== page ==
I am fortunate to have received an annual tasting case from the Gimblett Gravels Winegrowers Association. This year the vintage under the spotlight is 2016 and there were eight blended reds and four syrahs in the dozen. Andrew Caillard MW selected the wines.
I must take my hat off to this industry body because, if more wine regions in the world undertook these thoughtful initiatives, wine writers would be able to taste more widely than we do without having to incur prohibitively punitive travel expenses. Interestingly, Craggy Range had two bottles in the box and they ended up being my top two wines. I tasted this pair again at the annual New Zealand tasting in London within days of my first tasting and they shone brightly, taking every corner of the country into account, not just Gimblett Gravels.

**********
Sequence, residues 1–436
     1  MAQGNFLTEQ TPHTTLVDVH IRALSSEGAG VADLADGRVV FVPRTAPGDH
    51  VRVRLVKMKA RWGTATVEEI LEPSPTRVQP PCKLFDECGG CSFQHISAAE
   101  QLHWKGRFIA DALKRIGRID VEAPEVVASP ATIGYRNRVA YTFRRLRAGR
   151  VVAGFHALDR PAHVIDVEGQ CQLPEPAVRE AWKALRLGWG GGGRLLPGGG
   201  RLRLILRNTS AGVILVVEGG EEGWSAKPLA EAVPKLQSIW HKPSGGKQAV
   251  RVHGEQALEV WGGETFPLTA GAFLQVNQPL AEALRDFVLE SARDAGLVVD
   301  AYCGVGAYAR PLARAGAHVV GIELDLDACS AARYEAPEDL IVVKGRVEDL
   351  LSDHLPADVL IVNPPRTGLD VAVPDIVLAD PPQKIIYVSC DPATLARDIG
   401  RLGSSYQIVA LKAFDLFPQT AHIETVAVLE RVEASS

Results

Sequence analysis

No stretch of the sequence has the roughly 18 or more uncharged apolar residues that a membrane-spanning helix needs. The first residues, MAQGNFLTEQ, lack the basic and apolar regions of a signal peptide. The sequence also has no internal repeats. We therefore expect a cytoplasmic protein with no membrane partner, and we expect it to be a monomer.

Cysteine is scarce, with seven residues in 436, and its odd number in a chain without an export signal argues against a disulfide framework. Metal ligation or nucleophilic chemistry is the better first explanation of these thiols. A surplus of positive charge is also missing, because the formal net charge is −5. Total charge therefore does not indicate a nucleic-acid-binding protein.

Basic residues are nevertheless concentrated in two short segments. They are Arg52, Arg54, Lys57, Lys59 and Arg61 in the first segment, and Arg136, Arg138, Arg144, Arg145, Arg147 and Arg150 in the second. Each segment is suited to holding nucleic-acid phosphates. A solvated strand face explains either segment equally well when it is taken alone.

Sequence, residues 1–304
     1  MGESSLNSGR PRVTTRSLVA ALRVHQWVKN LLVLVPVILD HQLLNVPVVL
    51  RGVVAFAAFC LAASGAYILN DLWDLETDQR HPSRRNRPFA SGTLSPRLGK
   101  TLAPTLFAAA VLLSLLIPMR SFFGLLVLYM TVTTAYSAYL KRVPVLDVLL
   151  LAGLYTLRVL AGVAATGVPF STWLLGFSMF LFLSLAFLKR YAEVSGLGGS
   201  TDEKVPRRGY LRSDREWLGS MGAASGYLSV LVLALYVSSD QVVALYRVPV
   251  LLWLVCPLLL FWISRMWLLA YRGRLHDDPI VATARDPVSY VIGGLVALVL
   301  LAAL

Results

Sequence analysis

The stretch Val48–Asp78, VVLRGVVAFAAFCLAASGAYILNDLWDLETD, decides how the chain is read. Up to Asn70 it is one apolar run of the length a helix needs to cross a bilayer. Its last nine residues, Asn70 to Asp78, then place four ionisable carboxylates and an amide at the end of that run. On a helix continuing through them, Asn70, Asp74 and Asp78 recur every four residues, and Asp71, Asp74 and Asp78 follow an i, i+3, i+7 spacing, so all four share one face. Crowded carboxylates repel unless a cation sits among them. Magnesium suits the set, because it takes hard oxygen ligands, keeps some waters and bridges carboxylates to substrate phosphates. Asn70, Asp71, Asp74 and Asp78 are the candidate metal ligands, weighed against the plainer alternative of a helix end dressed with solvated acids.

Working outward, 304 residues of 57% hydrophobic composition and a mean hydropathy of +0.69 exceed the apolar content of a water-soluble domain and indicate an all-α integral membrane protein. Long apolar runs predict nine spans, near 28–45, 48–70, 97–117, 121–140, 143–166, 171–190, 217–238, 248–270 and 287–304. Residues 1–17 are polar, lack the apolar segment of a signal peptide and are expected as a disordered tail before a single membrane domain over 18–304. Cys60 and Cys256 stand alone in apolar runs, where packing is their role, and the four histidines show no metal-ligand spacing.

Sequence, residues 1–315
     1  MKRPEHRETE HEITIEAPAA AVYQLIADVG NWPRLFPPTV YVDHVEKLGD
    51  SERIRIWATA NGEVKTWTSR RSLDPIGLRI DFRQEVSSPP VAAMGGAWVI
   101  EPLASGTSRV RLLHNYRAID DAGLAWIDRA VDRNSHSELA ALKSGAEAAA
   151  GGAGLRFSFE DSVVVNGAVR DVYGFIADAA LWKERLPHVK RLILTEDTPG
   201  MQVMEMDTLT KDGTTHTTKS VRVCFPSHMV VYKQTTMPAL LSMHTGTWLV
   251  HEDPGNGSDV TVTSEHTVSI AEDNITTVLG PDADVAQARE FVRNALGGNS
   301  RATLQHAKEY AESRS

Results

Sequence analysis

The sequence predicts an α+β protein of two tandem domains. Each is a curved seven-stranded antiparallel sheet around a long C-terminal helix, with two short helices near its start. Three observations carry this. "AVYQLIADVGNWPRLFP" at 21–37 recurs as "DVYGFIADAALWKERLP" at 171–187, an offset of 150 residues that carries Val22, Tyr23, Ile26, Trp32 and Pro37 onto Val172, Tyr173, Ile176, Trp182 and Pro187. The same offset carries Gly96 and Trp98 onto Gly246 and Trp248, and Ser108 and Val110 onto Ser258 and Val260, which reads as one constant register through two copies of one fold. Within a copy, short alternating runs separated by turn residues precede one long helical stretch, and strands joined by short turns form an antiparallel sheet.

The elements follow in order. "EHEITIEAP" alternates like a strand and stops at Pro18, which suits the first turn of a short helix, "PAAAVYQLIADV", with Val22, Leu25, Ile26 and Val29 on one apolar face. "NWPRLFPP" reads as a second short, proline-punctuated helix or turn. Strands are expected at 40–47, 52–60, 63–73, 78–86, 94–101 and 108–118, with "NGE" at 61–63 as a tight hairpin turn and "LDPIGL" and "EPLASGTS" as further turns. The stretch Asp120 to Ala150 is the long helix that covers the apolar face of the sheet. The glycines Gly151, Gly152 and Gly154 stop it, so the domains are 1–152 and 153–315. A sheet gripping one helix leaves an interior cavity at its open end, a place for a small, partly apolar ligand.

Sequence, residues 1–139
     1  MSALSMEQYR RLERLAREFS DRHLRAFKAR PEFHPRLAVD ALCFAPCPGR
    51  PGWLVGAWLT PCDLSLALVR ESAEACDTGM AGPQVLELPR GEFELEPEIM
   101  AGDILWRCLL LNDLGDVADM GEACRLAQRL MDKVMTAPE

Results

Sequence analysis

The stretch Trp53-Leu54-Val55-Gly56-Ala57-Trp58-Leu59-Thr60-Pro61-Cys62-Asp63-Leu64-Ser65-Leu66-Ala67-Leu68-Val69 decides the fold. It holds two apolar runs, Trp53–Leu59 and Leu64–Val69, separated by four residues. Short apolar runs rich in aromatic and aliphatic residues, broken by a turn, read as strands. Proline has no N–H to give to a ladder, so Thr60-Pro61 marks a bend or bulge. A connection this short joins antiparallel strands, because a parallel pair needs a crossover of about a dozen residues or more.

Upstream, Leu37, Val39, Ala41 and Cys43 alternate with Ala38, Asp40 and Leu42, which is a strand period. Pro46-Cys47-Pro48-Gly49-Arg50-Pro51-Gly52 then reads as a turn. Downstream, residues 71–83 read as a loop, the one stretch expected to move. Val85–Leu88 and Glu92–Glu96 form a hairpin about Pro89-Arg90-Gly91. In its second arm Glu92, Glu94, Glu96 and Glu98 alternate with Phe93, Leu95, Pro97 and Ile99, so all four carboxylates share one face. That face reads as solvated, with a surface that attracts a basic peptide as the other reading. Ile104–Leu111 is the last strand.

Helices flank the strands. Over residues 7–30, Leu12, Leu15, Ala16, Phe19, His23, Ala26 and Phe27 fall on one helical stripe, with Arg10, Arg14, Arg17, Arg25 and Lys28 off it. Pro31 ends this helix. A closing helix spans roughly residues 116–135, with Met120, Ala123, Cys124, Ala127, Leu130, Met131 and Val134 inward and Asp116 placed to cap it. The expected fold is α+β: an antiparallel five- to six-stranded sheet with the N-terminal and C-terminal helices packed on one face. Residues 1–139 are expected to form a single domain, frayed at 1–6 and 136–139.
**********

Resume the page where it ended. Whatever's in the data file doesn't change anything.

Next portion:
Gimblett Gravels makes the most structured and age-worthy of all Kiwi red-wine styles and 2016 is a powerful and focused vintage. In addition to the epic, peppery, blood-drenched syrah, with its smoky kindling touches and succulent core, the 2016 Craggy Range Sophia (about £50, arriving into Jeroboams, Farr Vintners and Hedonism imminently), a merlot/cabernet franc/cabernet sauvignon blend, looked both regal and belligerent, hinting at greatness beneath its earth-driven, not fruit-driven, suit of armour. Both wines will be drinking within five years, but they will make the long haul, too.
• Matthew Jukes is a winner of the International Wine & Spirit Competition’s Communicator of the Year (matthewjukes.com).